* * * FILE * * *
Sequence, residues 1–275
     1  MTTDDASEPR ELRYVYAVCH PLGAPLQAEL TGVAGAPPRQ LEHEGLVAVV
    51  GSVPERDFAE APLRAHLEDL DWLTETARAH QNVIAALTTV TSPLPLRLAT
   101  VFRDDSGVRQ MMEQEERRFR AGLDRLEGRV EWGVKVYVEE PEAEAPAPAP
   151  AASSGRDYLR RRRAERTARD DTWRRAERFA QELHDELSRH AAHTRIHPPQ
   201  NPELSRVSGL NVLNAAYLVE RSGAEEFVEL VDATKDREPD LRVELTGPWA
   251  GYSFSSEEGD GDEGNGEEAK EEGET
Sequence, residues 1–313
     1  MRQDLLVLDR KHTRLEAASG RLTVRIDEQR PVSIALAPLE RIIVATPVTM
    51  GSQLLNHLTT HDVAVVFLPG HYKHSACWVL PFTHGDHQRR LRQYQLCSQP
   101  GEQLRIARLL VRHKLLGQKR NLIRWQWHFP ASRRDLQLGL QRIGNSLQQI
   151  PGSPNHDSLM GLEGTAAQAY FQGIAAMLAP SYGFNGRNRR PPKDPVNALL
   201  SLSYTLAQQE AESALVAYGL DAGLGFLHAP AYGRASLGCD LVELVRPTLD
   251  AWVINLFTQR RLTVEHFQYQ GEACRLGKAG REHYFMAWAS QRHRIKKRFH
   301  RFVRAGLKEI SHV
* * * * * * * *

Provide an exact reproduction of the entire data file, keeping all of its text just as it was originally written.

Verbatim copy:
Sequence, residues 1–275
     1  MTTDDASEPR ELRYVYAVCH PLGAPLQAEL TGVAGAPPRQ LEHEGLVAVV
    51  GSVPERDFAE APLRAHLEDL DWLTETARAH QNVIAALTTV TSPLPLRLAT
   101  VFRDDSGVRQ MMEQEERRFR AGLDRLEGRV EWGVKVYVEE PEAEAPAPAP
   151  AASSGRDYLR RRRAERTARD DTWRRAERFA QELHDELSRH AAHTRIHPPQ
   201  NPELSRVSGL NVLNAAYLVE RSGAEEFVEL VDATKDREPD LRVELTGPWA
   251  GYSFSSEEGD GDEGNGEEAK EEGET
Sequence, residues 1–313
     1  MRQDLLVLDR KHTRLEAASG RLTVRIDEQR PVSIALAPLE RIIVATPVTM
    51  GSQLLNHLTT HDVAVVFLPG HYKHSACWVL PFTHGDHQRR LRQYQLCSQP
   101  GEQLRIARLL VRHKLLGQKR NLIRWQWHFP ASRRDLQLGL QRIGNSLQQI
   151  PGSPNHDSLM GLEGTAAQAY FQGIAAMLAP SYGFNGRNRR PPKDPVNALL
   201  SLSYTLAQQE AESALVAYGL DAGLGFLHAP AYGRASLGCD LVELVRPTLD
   251  AWVINLFTQR RLTVEHFQYQ GEACRLGKAG REHYFMAWAS QRHRIKKRFH
   301  RFVRAGLKEI SHV